The results of the Iowa caucuses last night proved unexpected and dramatic. On the GOP side, Donald Trump came in second to Ted Cruz (i.e., he “lost”), narrowly besting Marco Rubio. Trump’s gracious concession to Senator Cruz might have been unexpected as well, but the man is no dummy. It showed a side of him that we haven’t previously seen during the campaign.
Trump was accompanied by his good-looking family. The results must have proved unexpected to him as well. I can’t believe he would have put his family to the trouble to join him on stage for a concession in Iowa.
Cruz’s victory was dramatic in more than one sense. If the polls are to be believed, he came from behind to win it. His campaign structure produced. In a setting where nobody knows anything, the Cruz folks seemed to know what they were doing.
Cruz’s victory was all the more impressive given his principled opposition to federal subsidies for ethanol. It provoked the opposition of Iowa’s popular Republican governor. Cruz, however, didn’t back down. Given how much he had staked on an Iowa win, that is doubly impressive.
Having said that, I think Cruz flubbed the opportunity presented by his victory speech. Rubio went first, while the viewing audience must have been near its peak during prime time, and gave a winning speech. I thought it effectively advertised Rubio’s strengths as a potential general election candidate. It was the best speech by a loser since Bill Clinton’s “comeback kid” spiel the night of the 1992 New Hampshire primary, when Clinton came in second to Paul Tsongas, but that’s unfair; it was much better than that. In its critique of Hillary Clinton, Rubio’s speech was powerful; it was hard-hitting; it had the additional advantage of being true. By contrast, Cruz’s victory speech was overlong and flat. It seemed to me to advertise his weaknesses as a potential general election candidate.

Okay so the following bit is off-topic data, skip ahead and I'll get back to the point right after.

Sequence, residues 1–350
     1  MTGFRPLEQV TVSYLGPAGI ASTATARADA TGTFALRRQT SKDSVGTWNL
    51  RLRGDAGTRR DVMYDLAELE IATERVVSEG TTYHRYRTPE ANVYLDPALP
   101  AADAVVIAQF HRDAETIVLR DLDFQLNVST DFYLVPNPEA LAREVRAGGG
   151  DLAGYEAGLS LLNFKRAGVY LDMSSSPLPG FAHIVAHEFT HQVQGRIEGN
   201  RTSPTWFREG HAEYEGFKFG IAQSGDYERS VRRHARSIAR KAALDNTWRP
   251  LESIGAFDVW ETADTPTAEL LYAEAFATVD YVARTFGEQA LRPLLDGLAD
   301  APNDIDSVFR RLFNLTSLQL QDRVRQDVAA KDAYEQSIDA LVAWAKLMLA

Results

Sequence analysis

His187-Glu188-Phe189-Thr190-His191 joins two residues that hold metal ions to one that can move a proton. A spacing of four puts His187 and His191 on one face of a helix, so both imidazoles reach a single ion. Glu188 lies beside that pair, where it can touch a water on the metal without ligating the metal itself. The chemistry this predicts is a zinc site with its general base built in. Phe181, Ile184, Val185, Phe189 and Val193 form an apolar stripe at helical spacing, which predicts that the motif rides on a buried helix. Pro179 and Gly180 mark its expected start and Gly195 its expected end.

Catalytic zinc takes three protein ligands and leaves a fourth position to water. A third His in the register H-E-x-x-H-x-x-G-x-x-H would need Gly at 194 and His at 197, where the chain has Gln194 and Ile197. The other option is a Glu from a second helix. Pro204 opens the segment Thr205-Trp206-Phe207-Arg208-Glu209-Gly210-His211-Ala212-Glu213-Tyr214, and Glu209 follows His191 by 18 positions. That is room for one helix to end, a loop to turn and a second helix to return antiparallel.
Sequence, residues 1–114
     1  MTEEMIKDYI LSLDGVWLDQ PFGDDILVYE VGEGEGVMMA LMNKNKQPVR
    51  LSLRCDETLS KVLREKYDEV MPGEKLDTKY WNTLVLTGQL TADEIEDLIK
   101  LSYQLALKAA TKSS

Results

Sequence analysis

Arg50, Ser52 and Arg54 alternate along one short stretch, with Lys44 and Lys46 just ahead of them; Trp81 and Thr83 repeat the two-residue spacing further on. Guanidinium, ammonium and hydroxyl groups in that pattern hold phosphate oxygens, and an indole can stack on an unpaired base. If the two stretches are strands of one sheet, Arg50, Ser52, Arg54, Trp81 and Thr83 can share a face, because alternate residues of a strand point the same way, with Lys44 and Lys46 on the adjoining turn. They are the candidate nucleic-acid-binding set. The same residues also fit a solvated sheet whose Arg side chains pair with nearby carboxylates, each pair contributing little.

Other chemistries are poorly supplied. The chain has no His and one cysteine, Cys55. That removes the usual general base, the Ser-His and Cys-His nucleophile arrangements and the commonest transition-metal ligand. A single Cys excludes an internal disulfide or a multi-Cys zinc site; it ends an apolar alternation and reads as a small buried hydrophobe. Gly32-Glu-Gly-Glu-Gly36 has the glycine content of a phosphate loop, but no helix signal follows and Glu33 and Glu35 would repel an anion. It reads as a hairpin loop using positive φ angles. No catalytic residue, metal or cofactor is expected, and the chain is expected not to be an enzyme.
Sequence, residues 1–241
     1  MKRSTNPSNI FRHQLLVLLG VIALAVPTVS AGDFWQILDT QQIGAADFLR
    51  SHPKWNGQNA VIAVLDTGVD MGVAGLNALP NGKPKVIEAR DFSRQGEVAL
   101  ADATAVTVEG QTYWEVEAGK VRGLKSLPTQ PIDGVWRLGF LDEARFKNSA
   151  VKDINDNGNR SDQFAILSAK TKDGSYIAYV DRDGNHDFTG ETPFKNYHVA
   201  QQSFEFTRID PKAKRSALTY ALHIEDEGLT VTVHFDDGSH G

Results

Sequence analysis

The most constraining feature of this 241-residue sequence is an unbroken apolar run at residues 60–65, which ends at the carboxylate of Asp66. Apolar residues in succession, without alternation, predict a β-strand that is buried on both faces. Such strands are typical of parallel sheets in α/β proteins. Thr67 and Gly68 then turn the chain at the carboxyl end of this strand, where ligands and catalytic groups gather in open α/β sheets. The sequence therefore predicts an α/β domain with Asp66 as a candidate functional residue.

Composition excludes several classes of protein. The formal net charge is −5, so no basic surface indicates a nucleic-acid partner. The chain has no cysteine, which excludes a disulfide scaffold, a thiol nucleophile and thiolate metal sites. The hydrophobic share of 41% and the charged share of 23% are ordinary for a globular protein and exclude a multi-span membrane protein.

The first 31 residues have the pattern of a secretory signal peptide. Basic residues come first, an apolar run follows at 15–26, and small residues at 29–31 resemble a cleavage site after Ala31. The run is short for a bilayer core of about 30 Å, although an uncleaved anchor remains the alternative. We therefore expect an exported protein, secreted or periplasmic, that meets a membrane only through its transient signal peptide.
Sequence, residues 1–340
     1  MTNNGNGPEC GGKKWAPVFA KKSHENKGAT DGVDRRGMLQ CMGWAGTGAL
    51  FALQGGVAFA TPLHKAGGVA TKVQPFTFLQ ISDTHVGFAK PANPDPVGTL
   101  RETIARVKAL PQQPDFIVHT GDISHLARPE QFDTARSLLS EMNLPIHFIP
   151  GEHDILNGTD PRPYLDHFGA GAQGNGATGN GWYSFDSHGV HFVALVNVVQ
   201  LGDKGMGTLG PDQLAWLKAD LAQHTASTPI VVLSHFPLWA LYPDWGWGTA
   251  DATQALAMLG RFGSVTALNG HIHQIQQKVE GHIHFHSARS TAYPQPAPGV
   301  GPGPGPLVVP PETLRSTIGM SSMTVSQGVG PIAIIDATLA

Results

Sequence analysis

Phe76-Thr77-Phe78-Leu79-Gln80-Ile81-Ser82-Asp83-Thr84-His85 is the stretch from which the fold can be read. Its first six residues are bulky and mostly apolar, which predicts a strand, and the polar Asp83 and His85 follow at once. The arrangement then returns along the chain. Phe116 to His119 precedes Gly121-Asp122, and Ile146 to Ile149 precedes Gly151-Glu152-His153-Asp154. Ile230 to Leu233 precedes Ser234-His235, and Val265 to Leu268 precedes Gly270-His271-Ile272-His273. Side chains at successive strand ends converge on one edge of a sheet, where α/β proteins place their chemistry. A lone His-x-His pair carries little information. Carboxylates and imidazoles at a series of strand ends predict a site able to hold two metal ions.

The flop of Jeb Bush’s campaign in Iowa was heartening for those of us who think the role of money in politics is somewhat overrated. What a pathetic outcome for Bush, though this particular result was entirely expected (by us and others).
Perhaps most heartening (to me anyway) was the turnout on the Republican side. Minnesota GOP national committeewoman Janet Beihoffer advises us that turnout at the Republican caucuses was over 182,000. Janet adds that this represented a 50 percent increase over 2012. The turnout has to be suggestive of the intensity on the Republican side this year.
The Republicans have emerged with a three-man race. With the multiplicity of candidates beneath the top three, one wonders about the second choice of their supporters. I hope we’ll find out while their supporters can still meaningfully make them known. South Carolina Senator Tim Scott is set to endorse Rubio today. That may be a big deal in this context.
Hillary Clinton has claimed victory on the Democratic side, apparently defeating socialist septuagenarian Bernie Sanders by an impossibly thin margin. The result on the Democratic side is so close that I don’t think we can be sure she won. It was more or less a tie. In baseball a tie goes to the runner, but both Clinton and Sanders are walkers at best. Politico’s Nick Gass reports the result here. Gass adds that 171,109 Democratic voters turned out to caucus.
The outcome on the Democratic side suggests to me that Clinton’s death march to the Democratic nomination will continue more or less as anticipated. It’s a joyless slog that should be diverted to the Big House rather than ending in the White House.
On to New Hampshire.